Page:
Article VI Blog

"Religion, Politics, the Presidency: Commentary by a Mormon, an Evangelical, and an Orthodox Christian"

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Notes From The Dark Side…

Posted by: John Schroeder at 05:27 am, October 20th 2008     —    2 Comments »

The doom-and-gloom predictions for the election are piling up.  Not my taste – I’m in this to the end and we are winning until we actually lose.  As Geraghty points out the polls are swinging, and at this point in ’04 we thought it was in the bag for. . . Kerry?!  This thing is not over.

Nonetheless, in a post at Beliefnet, Rod Dreher looks at Christopher Buckley’s recent resignation from NR seeing disaster.  But the most interesting thing he has to say is this:

 It was not religious conservatives who caused the GOP to abandon all pretense of fiscal discipline. It was not religious conservatives who brought us the war in Iraq. It was not religious conservatives who brought us Jack Abramoff (though Ralph Reed had something to do with it). Mind you, religious conservatives rarely if ever stood up to any of this, but to say that the “kooks” brought about the collapse of the GOP is simply wrong. It was the Establishment that did it. Cheney, Rumsfeld, Wolfowitz — these guys are not religious kooks. Neither is George W. Bush. And though he presents himself as a churchman, let no one be under the impression that Tom DeLay did what he did for the glory of the Lord. I am certain that in the wake of the coming disaster for the GOP, there will be an attempt to scapegoat the religious right, so that the Republican Establishment — especially the national security and economic establishment — can escape its own reckoning. We religious conservatives have to accept our share of the blame for what’s happened, but we cannot let ourselves get scapegoated. The things we wanted most of all — Supreme Court justices favorable to the things we believe in — turn out to be the only undeniable triumphs of the Bush years, from a conservative point of view.

Again, it ain’t over ’til it’s over, and even if this election is the disaster that Dreher seems to think it is going to be, all those issues he raises are not the heart of the problem.  There was only one candidate that might have been able to hold the coalition together – Mitt Romney – and it was Evangelical conservatives in their blind, label-following view, that trotted off after a loser like Huckabee and blew it up.

A bit later in the piece, Dreher says this:

There is a conservative Establishment — a political establishment, yes, but also a think-tank establishment and an opinion-leader establishment — that has become ossified in its thinking and, over time, more interested in policing its heretics . . .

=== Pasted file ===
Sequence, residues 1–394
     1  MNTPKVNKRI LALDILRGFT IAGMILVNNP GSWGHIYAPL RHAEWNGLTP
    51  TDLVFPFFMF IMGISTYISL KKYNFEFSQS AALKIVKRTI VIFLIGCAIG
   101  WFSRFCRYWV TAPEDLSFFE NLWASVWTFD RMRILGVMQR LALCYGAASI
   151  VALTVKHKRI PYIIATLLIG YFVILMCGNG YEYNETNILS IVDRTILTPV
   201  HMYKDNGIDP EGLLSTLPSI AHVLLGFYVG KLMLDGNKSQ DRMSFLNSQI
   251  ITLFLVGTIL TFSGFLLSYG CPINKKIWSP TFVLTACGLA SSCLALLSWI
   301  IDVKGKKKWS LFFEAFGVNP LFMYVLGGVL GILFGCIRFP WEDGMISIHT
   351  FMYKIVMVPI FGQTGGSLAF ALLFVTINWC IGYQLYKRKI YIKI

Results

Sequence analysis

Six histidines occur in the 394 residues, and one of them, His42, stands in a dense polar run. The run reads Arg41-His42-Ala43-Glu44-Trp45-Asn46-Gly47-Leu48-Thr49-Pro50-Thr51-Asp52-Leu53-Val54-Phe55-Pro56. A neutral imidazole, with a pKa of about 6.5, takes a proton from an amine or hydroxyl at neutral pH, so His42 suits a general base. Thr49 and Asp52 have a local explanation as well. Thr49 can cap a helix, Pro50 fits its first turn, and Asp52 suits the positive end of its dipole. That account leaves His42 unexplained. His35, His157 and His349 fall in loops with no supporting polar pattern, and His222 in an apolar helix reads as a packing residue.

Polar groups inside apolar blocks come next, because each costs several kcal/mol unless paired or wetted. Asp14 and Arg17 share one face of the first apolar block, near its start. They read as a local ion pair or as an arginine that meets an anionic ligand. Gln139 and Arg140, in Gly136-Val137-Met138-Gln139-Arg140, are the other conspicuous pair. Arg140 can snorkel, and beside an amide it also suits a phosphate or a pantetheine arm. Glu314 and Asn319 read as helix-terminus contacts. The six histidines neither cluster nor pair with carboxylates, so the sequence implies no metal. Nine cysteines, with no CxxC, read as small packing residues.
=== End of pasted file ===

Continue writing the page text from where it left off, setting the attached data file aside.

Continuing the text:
Now, when you stack that up against Joel Belz’s deeply bigoted writing, and Mike Huckabee’s “innocent question” to the NYTimes, you have to think you are looking at the definitional case of the “pot calling the kettle black.”

Furthermore, let’s assume, for just a minute, that all those issues he raises are the heart of the problem.   Had the religious right been less myopic and more about the business of governance – had they been in the middle of those things instead of clutching tightly to their few social issues and otherwise not seeming to want to get their hands dirty – then maybe they could have prevented or mitigated the damage done by them. As Dreher points out, “Mind you, religious conservatives rarely if ever stood up to any of this . . . .”

If religious conservatives want to be taken seriously in politics, then it is time for them to do politics seriously.  This gadabout, “politics is really beneath us,” stuff has just got to stop.  And claiming to speak for them by brushing aside that very “I am above you” attitude as insignificant and pointing the finger at the other guy is not a way to do politics seriously.

Oh sure, Dreher says, “We religious conservatives have to accept our share of the blame for what’s happened . . . ,”  which is where he should have ended.  In this individual religious conservative’s experience, the “conservative political establishment” has been more than willing to work with me, as long as I was willing to work with them.

I think it was Jesus that said something about planks, specks, and eyes.  I think religious conservatives might want to keep that little parable in mind before they go making sure they do not get any more blame than “they deserve.”

Lowell adds:  I agree fully with what John has said, and I’ll add my own expression of disgust over Dreher’s insistence on treating religious conservatives as a discrete, insular voter bloc within conservatism (and within the GOP, to a lesser extent).  I never thought I’d see the day when religious voters are flinging recriminations at “those other guys in the movement.”  In politics, there is no leadership in emphasizing differences within your own alliance. 

Besides, as John notes, Dreher is far too forgiving of his own group:  “religious conservatives rarely if ever stood up to any of this.”  Well, isn’t that a stinging indictment?  For a group that wants to have such power within the conservative movement, it simply will not do to blame everyone else for errors, when your group did nothing significant to stop those errors! 

It seems Mr. Dreher wants to have it both ways: To remain “pure” and free from responsibility for a conservative/GOP debacle, but also to stand by and do nothing to prevent the debacle.  These are not people I want in my foxhole with me.


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